Book Nook (4)



And here’s another installment of books I’ve been reading in the last few weeks, all recommended.

Impossible Vacation by Spalding Gray: Monologist Spalding Gray for years went around performing a one-man show called Monster-In-A-Box, his attempt to wrestle his unwieldy manuscript into a novel. The result was Impossible Vacation. I’d been in a period of non-reading recently, but I picked this up in a used bookstore, and it got me reading again. It’s a first person account of the life of a narcissistic and badly depressed actor/performer (a thinly disguised Gray), and while the language is not distinguished, this portrait of a would-be artist in the 1970s rang a lot of bells for me.  You can see Gray trying to wrestle meaning out of this, and it ends fairly arbitrarily as if he needed to stop somewhere, but I found the book to be truly affecting in parts and often funny.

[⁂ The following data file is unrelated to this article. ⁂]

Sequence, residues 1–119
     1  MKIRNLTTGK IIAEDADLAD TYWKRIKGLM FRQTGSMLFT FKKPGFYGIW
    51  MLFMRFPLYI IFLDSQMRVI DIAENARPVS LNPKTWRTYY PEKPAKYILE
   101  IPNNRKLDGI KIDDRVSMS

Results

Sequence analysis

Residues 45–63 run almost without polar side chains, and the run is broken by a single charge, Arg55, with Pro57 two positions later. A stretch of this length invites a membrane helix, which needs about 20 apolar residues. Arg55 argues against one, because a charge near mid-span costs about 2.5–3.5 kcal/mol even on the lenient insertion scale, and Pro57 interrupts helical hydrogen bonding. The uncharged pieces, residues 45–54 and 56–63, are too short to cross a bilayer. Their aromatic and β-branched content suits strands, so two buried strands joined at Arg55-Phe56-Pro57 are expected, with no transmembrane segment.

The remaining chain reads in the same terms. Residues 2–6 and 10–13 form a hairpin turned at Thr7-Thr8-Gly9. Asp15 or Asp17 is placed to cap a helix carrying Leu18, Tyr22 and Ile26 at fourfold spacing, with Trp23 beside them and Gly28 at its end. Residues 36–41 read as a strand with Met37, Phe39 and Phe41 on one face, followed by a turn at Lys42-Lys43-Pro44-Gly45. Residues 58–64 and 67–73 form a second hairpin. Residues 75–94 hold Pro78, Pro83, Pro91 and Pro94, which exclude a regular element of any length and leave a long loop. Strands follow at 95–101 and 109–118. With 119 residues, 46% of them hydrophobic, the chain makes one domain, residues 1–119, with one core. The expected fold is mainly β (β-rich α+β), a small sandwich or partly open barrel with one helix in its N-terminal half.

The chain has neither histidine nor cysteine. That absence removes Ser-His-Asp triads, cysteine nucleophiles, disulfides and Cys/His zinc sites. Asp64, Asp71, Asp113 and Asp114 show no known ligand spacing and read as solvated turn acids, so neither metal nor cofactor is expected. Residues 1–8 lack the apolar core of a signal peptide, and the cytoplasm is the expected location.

Trouping With Dante by Marion S. Trikosko: In this memoir, a teen-age boy gets to troupe with the great magician Dante’s large illusion show throughout the country, while learning the inside story about show business and magic. It’s a difficult life, but he seems to have a lot of fun along the way. Decades later, Trikosko’s account confirms that Dante was a generous but exacting taskmaster, and Marion’s enthusiasm allowed him to gain, in a relatively short period of time, more and more responsibility in assisting the show. The author does a great job of setting up the context of the rigors of touring a large illusion show at a time when that way of performing life was starting to come to an end, and for magician readers there’s lots of inside information about the workings of the show. If you’ve ever wanted to run away and join the circus, or become Blackstone’s assistant, you’ll be charmed by this book.